Monday, January 18, 2010

Leaning for Tachanun

Tachanun, extra supplications, are traditionally recited after the Amidah of Shacharis and Minchah. During one section, the custom is to bow down. Not a full bow, but sitting down and leaning your back and head forward. You rest your head on your arm so it is not directly above the ground without an intervening object (your arm needs to be covered by a sleeve or tallis because a bare arm is not considered intervening -- Magen Avraham 131:2).

The Rokei'ach (no. 324) records a custom not to lean during Tachanun if you are not in a room that has a Torah scroll. This is quoted by the Rema as the prevalent Ashkenazic practice (Shulchan Arukh, Orach Chaim 131:2).

Click here to read moreAccording to this custom, one would presumably not lean when praying in a classroom that lacks a Torah scroll. However, the Kitzur Shulchan Arukh (22:4) quotes a view that any holy book is sufficient for these purposes. As long as there is a Chumash or Gemara in the room, you lean for Tachanun. The Kitzur rejects this view but the Mishnah Berurah (131:11) quotes authorities on both sides: The Sheyarei Knesses Ha-Gedolah holds you should lean while the Derekh Ha-Chaim holds you should not.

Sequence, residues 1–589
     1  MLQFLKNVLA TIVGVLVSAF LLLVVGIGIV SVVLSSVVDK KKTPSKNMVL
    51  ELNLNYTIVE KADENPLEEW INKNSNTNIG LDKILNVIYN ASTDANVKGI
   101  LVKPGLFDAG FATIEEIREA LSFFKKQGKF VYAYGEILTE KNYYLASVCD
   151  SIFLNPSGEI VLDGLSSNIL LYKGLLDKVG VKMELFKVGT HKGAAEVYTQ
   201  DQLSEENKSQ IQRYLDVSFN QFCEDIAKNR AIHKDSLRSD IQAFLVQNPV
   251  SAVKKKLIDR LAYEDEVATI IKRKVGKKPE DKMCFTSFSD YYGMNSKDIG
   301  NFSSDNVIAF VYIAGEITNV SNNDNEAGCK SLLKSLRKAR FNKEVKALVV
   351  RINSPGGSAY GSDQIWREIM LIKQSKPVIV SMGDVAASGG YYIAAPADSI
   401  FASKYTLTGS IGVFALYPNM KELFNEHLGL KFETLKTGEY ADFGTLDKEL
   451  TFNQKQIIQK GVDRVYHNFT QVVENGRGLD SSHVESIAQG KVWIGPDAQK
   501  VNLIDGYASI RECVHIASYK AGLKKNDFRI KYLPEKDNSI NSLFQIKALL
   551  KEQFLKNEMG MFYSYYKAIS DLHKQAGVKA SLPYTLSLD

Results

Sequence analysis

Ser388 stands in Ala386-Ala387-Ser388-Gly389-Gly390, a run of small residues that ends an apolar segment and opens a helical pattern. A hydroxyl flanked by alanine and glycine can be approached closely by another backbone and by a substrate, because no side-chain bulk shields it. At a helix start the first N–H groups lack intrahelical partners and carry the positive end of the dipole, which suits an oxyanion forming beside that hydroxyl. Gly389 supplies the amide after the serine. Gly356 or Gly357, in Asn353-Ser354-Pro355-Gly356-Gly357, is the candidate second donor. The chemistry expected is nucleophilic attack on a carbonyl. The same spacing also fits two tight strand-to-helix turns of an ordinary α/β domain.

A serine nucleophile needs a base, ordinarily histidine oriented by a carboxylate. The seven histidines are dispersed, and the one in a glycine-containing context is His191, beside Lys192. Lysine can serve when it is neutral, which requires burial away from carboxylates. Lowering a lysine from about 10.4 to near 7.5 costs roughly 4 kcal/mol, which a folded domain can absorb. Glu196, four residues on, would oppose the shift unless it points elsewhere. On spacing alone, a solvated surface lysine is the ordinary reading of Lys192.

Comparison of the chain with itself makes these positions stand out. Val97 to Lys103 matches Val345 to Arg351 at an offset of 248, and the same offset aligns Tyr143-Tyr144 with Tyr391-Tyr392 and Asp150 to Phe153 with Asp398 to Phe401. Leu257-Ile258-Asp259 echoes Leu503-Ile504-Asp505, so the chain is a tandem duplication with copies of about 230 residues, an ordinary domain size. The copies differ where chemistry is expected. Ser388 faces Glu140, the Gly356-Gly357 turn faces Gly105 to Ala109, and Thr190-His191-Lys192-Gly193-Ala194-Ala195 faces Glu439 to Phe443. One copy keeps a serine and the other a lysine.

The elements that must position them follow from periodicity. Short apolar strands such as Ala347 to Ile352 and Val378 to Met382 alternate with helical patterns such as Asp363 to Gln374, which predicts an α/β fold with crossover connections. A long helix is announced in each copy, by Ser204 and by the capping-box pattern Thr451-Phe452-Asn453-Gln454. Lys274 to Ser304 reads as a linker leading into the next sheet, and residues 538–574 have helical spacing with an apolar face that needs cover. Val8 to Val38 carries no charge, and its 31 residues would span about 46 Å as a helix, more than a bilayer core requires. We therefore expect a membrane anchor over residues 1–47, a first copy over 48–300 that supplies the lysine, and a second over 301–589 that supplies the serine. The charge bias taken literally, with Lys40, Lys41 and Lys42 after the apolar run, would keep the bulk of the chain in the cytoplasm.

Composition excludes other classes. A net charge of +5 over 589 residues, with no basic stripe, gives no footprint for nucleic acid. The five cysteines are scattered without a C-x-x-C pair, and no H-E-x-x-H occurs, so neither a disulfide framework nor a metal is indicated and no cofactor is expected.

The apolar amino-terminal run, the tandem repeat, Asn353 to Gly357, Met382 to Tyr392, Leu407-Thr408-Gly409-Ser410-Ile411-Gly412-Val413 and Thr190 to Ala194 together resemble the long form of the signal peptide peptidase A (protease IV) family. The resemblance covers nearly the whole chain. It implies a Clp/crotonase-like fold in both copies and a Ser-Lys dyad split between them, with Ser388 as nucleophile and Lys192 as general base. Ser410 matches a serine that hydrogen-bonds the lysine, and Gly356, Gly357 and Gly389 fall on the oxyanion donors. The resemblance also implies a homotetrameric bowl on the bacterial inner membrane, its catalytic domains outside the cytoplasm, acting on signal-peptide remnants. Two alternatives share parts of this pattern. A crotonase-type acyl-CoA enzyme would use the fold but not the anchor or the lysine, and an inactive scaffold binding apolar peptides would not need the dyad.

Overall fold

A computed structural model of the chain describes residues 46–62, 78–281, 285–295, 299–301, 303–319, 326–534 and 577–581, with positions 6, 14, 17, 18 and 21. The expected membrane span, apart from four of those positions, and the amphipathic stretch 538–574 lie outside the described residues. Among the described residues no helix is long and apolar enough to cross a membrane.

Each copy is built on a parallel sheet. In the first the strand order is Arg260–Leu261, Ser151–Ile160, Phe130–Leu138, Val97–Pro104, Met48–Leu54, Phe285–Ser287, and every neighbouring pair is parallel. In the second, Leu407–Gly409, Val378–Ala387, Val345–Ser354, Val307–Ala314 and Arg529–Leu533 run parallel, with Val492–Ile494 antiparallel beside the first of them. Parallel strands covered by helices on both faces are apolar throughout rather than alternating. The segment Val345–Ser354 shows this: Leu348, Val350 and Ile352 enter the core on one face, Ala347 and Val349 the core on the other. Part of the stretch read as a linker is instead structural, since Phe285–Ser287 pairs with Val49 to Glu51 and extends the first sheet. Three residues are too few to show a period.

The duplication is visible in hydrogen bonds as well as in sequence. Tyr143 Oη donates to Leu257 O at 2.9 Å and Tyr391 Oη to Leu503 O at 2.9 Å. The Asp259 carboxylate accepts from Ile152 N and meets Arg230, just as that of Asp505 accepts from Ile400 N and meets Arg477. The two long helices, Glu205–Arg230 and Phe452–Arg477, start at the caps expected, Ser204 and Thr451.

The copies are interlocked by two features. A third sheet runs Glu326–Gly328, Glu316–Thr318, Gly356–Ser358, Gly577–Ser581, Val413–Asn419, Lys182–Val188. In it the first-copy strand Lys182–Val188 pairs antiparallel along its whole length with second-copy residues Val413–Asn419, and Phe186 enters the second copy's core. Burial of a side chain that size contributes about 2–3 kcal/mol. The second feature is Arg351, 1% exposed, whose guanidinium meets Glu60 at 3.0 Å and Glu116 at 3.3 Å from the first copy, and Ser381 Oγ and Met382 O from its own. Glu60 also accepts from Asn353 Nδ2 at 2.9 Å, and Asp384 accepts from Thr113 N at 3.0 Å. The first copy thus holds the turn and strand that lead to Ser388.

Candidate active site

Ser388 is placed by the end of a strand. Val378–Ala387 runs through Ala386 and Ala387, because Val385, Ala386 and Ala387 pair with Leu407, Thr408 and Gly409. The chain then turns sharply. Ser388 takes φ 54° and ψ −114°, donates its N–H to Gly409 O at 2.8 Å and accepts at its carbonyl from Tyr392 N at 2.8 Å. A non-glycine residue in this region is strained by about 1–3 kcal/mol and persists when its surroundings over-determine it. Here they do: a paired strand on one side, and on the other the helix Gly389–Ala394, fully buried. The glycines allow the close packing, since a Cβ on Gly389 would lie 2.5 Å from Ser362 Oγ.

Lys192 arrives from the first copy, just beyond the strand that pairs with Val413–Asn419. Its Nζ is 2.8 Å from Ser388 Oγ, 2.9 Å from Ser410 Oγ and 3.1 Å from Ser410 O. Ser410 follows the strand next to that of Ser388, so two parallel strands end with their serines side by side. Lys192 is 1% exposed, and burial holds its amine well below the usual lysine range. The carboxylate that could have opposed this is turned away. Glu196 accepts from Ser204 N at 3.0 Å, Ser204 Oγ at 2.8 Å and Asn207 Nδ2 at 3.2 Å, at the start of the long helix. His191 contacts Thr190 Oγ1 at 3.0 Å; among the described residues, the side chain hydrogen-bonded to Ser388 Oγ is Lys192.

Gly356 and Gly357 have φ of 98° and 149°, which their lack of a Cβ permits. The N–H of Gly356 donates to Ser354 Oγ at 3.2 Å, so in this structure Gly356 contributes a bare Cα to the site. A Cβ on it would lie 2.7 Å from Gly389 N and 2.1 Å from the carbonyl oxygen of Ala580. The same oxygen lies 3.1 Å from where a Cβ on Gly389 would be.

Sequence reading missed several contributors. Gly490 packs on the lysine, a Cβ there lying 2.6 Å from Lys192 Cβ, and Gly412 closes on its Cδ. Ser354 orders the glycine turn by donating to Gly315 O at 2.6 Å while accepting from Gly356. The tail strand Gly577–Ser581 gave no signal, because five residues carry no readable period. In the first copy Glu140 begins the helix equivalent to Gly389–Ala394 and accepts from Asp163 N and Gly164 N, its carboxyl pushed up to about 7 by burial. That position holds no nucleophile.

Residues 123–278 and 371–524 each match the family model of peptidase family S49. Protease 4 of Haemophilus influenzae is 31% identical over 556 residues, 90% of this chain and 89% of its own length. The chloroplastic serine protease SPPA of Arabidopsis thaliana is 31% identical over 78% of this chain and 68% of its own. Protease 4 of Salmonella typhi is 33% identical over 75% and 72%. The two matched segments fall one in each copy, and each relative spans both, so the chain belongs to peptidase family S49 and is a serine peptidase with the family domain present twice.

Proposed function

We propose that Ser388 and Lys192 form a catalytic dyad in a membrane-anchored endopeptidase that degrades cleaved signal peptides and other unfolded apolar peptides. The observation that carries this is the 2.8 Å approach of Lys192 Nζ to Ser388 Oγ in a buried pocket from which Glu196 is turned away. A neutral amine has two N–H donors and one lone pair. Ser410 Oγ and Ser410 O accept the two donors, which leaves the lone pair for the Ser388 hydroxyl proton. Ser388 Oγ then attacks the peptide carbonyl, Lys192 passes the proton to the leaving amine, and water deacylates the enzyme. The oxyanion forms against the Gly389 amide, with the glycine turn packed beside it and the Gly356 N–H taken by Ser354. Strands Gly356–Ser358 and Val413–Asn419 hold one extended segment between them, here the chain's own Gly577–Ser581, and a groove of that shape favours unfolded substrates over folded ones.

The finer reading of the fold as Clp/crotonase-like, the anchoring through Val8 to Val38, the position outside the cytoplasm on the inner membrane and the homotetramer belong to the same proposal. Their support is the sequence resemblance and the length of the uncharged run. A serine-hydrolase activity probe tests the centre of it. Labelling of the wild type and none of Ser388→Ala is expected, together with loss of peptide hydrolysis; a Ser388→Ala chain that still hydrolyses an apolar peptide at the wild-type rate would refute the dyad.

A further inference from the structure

When I was in yeshiva, we would pray Minchah in the classroom every day. R. Mayer Twersky said that he asked R. Mendel Zaks (or perhaps his son R. Gershon) whether we should lean. R. Zaks, the son-in-law (or grandson) of the author of Mishnah Berurah, said that we should lean. R. Moshe Feinstein (Iggeros Moshe, Orach Chaim 5:20:5) rules similarly.

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